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Program guides high school community to college

The college admissions process is full of costly testing, confusing paperwork and long applications. For high school students without peers or family members who have gone through the process, it can act as a deterrent to attending college.

The Civic Engagement High School Partnership between the University of Miami and Miami Southridge High School is looking to end that.

“We’re hoping to create a college-going culture by having the high school students interact with college students who are close to their age,” said Sibongile Charles, High School Partnership Coordinator. “UM students are mentoring the high school students. They can answer their questions about college, because a lot of the them either don’t know if they’re going to college or they don’t really know how to prepare for the process.”

Since 2011, the program has been partnering UM students with teachers at Miami Southridge High School as a way to level the playing field for the many economically disadvantaged students attending the school. Now the program has also expanded to Booker T. Washington Senior High School.

Through presentations, lectures and peer mentoring, the UM students give the high school students an idea of what is needed to get into, and succeed at, a university or college.

Ashley Arostegui, the associate director of UM’s Office of Civic and Community Engagement, said Miami Southridge and Booker T. Washington are both high schools that are part of Miami-Date County’s Educational Transformation Office.

“They’re traditionally underserved and underperforming, and so there’s a need there,” she said.

As co-president of UM’s Society for Education Reform (SEFR), senior Mischael Cetoute said that the program immediately caught his interest when SEFR was emailed about participating.

“I realized there’s so much about the college process and navigating the education system that inherently disenfranchises people who don’t have that experience,” said Cetoute, who majors in political science and Africana studies. “There’s no way you can successfully navigate the college process as a first generation college student without outside help.”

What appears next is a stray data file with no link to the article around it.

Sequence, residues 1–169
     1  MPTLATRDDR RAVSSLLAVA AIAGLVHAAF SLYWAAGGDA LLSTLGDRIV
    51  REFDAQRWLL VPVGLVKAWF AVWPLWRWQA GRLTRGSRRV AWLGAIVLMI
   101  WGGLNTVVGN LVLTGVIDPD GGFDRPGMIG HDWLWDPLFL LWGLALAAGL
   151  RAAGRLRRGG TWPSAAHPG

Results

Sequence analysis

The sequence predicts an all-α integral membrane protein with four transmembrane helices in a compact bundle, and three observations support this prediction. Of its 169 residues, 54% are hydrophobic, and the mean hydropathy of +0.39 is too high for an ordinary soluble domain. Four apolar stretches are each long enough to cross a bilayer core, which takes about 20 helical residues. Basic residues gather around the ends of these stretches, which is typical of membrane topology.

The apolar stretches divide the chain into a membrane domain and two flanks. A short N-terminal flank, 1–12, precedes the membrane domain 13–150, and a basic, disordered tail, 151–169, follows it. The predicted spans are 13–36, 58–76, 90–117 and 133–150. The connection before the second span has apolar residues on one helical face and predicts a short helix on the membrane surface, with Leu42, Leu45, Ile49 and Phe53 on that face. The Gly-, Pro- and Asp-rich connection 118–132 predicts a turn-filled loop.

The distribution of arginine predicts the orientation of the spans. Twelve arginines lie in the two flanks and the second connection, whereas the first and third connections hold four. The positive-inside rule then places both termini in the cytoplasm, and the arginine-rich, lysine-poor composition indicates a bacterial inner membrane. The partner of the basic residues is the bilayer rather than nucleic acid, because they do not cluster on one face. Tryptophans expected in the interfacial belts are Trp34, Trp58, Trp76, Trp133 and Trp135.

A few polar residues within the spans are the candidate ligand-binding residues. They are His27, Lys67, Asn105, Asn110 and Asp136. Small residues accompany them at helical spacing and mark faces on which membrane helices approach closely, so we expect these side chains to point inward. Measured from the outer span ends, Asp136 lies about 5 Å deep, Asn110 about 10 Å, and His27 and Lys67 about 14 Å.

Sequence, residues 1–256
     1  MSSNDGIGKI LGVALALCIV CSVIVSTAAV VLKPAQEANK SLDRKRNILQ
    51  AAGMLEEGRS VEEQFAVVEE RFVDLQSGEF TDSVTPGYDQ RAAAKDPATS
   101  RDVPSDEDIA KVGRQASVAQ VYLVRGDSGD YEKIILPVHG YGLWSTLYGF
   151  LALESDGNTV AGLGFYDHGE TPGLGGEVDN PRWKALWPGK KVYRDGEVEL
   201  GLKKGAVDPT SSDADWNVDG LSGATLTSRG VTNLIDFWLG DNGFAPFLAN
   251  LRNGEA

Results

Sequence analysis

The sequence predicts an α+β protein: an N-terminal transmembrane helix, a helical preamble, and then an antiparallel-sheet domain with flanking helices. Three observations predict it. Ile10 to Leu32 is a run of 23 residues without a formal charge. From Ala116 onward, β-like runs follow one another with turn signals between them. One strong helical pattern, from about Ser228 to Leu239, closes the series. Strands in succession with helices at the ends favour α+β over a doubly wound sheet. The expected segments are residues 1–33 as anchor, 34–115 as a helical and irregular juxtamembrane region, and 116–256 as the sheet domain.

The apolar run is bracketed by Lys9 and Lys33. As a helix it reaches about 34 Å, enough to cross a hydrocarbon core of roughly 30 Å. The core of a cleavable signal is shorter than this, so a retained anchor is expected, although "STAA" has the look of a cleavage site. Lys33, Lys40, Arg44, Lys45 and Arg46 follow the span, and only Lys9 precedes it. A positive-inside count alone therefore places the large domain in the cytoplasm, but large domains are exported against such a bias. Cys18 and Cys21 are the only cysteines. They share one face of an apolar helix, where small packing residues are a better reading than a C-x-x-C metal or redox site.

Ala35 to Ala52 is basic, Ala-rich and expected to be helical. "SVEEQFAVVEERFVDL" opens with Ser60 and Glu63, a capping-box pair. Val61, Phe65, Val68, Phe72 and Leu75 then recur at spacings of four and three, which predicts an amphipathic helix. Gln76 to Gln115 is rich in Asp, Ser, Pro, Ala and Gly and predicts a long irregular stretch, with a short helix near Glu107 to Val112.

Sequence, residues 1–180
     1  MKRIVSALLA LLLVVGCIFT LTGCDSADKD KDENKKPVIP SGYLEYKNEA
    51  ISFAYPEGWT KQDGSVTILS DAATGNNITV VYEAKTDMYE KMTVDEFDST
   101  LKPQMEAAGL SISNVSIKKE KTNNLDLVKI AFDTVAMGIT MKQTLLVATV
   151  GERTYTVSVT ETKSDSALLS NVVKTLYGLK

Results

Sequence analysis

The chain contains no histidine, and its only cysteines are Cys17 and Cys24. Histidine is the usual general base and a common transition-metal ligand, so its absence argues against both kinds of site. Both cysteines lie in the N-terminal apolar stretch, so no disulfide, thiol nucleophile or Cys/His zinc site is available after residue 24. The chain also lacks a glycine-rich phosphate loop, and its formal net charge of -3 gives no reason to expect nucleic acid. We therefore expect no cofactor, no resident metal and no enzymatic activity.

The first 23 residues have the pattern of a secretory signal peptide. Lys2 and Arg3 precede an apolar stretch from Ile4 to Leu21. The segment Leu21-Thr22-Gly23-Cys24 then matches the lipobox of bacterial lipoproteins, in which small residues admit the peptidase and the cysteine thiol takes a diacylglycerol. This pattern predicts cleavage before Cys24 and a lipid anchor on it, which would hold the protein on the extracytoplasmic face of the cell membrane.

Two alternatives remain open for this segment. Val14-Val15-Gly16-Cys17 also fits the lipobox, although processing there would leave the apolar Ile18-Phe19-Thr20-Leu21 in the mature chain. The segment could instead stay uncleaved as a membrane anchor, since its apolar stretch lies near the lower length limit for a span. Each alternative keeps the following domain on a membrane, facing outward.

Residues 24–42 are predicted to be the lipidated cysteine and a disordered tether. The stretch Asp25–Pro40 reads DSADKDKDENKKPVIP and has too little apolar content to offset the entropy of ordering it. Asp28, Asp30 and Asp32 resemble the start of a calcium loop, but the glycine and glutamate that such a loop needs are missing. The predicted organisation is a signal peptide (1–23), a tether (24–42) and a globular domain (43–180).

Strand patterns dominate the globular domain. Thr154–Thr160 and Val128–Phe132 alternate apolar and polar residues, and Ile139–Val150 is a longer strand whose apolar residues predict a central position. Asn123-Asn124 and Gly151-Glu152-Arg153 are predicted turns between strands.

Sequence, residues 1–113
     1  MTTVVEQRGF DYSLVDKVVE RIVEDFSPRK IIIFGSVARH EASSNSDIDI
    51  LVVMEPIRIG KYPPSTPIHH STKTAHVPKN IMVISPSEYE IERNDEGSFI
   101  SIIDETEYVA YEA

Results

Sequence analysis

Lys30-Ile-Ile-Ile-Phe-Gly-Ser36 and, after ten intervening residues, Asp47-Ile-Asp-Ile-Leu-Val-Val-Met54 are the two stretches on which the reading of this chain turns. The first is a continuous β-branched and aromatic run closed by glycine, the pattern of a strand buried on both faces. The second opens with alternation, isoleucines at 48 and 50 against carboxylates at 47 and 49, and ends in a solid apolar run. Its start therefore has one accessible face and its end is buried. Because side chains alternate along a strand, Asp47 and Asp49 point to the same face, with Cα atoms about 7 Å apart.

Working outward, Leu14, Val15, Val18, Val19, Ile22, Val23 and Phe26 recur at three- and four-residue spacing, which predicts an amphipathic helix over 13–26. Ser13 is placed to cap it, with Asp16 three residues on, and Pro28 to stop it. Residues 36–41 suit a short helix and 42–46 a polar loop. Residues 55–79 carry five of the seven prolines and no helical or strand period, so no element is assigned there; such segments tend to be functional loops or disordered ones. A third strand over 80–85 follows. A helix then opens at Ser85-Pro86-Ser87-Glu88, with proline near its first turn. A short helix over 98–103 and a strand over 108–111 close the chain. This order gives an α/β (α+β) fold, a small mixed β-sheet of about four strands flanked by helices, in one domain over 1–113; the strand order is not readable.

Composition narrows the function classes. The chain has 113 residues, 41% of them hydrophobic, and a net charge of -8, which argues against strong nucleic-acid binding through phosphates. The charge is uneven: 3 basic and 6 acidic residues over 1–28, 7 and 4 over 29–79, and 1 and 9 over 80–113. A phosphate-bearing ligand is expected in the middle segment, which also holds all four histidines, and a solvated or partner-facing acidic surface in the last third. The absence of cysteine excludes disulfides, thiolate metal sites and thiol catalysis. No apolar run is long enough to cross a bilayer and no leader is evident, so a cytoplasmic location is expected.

At Miami Southridge High School, there are only two guidance counselors and two graduation coaches listed in the staff, with more than 2,000 students to help. For first-generation students, the extra help is crucial to getting through the college admissions process.

UM upper-level students with majors or minors in history, English, Africana and American studies can apply to take part in the program for this upcoming spring semester. Applications are due Oct. 16.

Participants are asked to give three guest lectures, mentor students and work with the teacher they are partnered with to enhance the curriculum. Students receive three credits in history or English for the spring 2015 semester, but participants feel that the real reward is the impact they can have on their community.

“Our overarching goal is that UM students are giving back to the community and giving their time to bettering the community,” Charles said. “We’re hoping that if they did come from another background, they’ll gain some perspective on what other students are experiencing and see what they’re going through.”

Both Cetoute and Arestogui stressed that, regardless of the career plans UM students have, education connects to all fields.

“We hope that they’ll think about education no matter what career path they choose to go in to afterward,” Arostegui said. “They’ll see that it’s an issue that is worth their attention.”

For more information, visit the Office of Civic & Community Engagement website at


October 10, 2014


William Riggin

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